US President-elect Donald Trump’s wrath against “out of control” F-35 expenditures may be misguided given that the price of F-35s was already scheduled to drop in 2017.
People with knowledge of the ongoing negotiations between the US Department of Defense and weapons manufacturer Lockheed Martin indicated Wednesday that the average unit cost will fall below $100 million for the first time, two days before Trump takes office. The tenth order of F-35s delivered by Lockheed Martin will be the largest shipment, at 90 fighter jets, in the Joint Strike Fighter’s history.
F-35 Cost Reductions: Trump Effect or Preordained?
Previous cost estimates of the jets on a per-unit basis have ranged from $102 million, per DoD estimates, to $160 million, according to a 2016 Government Accountability Office report. Sputnik previously reported Pentagon plans to buy a whopping 2,158 F-35s, in addition to the existing fleet. The three models, A, B, and C, are designed for the US Air Force and allies, the US Marine Corps and British Royal Navy, and the US Navy, respectively.
One idea is that ramping up production of the F-35s can help achieve what economists refer to as ‘economies of scale.’ The basic notion is that when workers focus specifically on building F-35s, over time they improve their skills, become more productive, and perform better and faster, ultimately, if the projections can be believed, lowering the cost per unit.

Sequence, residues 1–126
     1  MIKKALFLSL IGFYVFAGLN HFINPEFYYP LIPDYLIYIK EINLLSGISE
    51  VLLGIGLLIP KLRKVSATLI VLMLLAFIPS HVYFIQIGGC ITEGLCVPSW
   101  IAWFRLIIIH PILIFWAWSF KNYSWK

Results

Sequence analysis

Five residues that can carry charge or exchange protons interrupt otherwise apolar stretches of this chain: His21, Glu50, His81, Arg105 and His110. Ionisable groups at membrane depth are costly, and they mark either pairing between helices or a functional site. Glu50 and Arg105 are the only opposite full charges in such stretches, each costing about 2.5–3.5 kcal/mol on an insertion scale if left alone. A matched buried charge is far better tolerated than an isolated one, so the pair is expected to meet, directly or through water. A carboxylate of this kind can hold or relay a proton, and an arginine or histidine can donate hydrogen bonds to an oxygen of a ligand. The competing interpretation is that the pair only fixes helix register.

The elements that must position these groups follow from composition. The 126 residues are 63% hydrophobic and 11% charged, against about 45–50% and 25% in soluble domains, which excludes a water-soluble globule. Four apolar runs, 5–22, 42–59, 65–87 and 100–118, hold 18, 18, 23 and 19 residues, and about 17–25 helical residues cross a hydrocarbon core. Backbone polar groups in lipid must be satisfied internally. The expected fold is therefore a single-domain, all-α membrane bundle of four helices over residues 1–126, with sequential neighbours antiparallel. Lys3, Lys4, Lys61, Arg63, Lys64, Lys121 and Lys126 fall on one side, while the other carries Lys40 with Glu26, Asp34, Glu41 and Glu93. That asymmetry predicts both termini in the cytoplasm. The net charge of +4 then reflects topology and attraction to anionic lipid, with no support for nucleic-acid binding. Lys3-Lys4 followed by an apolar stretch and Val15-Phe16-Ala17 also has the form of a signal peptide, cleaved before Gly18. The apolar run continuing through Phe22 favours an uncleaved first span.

This notion is corroborated by Chemring Group Plc, a private UK firm that designs anti-missile systems for Lockheed Martin. “Counter-measures, as they sit, are expensive because they are new and are being produced in small quantities,” Michael Flowers, CEO at Chemring, said in an interview with Bloomberg on Wednesday.
“From my perspective it is a given, regardless of Trump,” Flowers said, referring to lowered costs.
For The Most Expensive Weapons Program in History, The Devil Is In The Details
Last Thursday, Lockheed Martin CEO Marillyn Hewson emerged from a meeting with Trump suggesting that the upcoming Pentagon contract would “significantly” slash F-35 costs.
In December 2016, Lt. Gen. Christopher Bogdan stated an aim for F-35 costs to drop between six and seven percent. Trump’s goal is a reduction of at least 10 percent, according to David Carr, chairman at BAE Systems speaking Tuesday at the World Economic Forum in Davos, Switzerland.